Particle 101: Coffee

We've consumed coffee for centuries, but is it good or bad for us? We unpack the brew-haha about coffee, espressoly for you.
Dr Jae
Dr Jae
Scitech contributor
Particle 101: Coffee
Image credit: NordWood Themes via Unspalsh

Coffee is one of the world’s most popular drinks. So it’ll come as no surprise if you’re reading this with a cup of coffee in your hand.

Globally, around 2 billion cups of coffee are consumed every single day.

In 2017, it was estimated that the average Australian consumed 1.91kg of coffee.

With its power to stimulate your brain and nervous system, some say coffee is great for your health. Others say it’s quite harmful. Let’s see where the latest research stands.

Image credit: GIPHY

Rise and grind

Coffee contains caffeine, the world’s most widely consumed psychoactive stimulant.

In contrast to caffeinated foods and drinks like black tea, chocolate and energy drinks, coffee has one of the highest concentrates of caffeine with around 145mg per 50mL of espresso.

Although not large amounts, coffee does contain some essential vitamins, minerals and antioxidants too.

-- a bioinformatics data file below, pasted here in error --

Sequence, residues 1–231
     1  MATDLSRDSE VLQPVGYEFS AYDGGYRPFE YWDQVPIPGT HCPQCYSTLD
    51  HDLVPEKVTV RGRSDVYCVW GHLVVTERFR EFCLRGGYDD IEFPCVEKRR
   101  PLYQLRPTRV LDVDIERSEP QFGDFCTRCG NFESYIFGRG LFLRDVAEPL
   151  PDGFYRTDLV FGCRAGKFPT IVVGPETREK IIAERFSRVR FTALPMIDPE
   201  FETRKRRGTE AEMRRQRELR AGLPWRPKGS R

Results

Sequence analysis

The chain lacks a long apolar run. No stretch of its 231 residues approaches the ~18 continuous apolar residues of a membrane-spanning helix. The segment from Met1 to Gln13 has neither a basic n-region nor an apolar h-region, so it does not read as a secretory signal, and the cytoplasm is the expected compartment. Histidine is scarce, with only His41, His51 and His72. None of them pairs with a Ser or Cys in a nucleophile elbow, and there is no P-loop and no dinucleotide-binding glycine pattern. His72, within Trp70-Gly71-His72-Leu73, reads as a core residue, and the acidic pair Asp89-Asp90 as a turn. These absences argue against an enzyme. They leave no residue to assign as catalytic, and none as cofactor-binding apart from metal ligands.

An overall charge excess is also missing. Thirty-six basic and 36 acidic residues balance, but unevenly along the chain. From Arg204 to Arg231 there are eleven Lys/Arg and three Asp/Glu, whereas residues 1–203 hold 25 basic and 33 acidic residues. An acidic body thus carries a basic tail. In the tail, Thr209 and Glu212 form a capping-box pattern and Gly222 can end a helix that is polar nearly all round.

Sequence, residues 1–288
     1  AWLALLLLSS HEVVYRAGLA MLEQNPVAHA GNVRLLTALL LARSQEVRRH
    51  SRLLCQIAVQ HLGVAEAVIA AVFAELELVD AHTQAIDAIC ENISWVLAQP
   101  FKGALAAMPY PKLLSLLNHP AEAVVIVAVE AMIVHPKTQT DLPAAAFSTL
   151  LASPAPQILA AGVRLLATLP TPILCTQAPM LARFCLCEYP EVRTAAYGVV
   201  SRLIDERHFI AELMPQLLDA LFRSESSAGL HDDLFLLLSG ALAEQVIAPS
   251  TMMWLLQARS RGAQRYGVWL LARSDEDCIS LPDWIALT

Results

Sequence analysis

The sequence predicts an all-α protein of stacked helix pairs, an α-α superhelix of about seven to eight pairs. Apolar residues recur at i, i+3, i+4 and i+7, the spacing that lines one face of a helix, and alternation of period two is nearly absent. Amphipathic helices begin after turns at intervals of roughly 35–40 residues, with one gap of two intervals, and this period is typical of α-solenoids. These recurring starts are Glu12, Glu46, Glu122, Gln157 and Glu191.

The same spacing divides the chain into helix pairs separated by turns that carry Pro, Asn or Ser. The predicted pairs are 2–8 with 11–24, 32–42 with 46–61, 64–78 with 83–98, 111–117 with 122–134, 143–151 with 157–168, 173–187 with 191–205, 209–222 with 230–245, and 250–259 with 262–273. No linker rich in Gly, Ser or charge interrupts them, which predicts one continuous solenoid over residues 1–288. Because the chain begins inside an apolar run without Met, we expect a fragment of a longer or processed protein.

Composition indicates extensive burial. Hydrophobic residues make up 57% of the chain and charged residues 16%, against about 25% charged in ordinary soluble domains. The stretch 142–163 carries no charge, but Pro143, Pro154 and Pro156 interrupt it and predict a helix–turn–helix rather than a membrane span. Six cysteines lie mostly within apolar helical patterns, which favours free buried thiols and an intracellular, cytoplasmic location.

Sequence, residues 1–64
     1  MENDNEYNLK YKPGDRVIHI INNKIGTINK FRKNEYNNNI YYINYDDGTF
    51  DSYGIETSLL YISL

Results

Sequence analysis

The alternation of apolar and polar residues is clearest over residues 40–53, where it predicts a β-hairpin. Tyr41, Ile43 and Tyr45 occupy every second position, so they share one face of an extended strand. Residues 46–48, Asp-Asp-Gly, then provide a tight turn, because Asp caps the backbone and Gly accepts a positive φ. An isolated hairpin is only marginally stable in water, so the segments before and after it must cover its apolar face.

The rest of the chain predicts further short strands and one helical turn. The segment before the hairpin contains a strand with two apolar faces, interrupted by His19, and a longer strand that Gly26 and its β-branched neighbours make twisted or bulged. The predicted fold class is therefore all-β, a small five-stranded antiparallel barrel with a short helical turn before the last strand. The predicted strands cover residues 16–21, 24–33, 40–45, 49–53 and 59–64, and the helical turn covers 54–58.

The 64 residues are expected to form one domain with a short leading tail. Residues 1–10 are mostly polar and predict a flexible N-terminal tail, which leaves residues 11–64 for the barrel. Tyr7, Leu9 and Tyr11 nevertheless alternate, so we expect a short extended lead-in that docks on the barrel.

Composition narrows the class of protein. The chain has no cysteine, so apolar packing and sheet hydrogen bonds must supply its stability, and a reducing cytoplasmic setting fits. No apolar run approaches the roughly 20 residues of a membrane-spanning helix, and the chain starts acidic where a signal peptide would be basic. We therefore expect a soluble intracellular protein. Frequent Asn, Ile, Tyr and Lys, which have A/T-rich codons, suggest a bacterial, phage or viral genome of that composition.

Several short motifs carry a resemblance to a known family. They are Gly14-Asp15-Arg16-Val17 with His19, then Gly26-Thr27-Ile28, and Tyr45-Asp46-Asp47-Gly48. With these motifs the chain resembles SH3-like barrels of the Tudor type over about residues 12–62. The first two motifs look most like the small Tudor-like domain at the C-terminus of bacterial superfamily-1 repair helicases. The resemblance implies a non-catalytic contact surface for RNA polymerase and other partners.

If you work out or play sport, caffeine can improve endurance during exercise, according to this study. So in terms of energy production and mental alertness, let’s give coffee a nice green tick.

Healthwise, coffee is not so black and white.

Moderate coffee drinkers have a lower risk of developing some cancers, heart disease, Parkinson’s disease and type 2 diabetes, according to a 2017 meta-analysis (a scientific study that overviews a large number of scientific studies on a given topic). However, coffee was also associated with a higher risk of miscarriage.

Current Australian guidelines for pregnant and breastfeeding women recommend limiting their caffeine intake to 200mg per day.

Ain’t no ristretto for the wicked

It’s important to keep in mind that caffeine is a drug that affects people differently. Some people feel jittery or anxious after a small amount, while others can down several cups of coffee a day and feel fine.


Image credit: GIPHY

If you’re sensitive to caffeine, you may want to opt for herbal tea instead of an after-dinner espresso. The downside of caffeine being a stimulant is that it also reduces your sleep time and quality.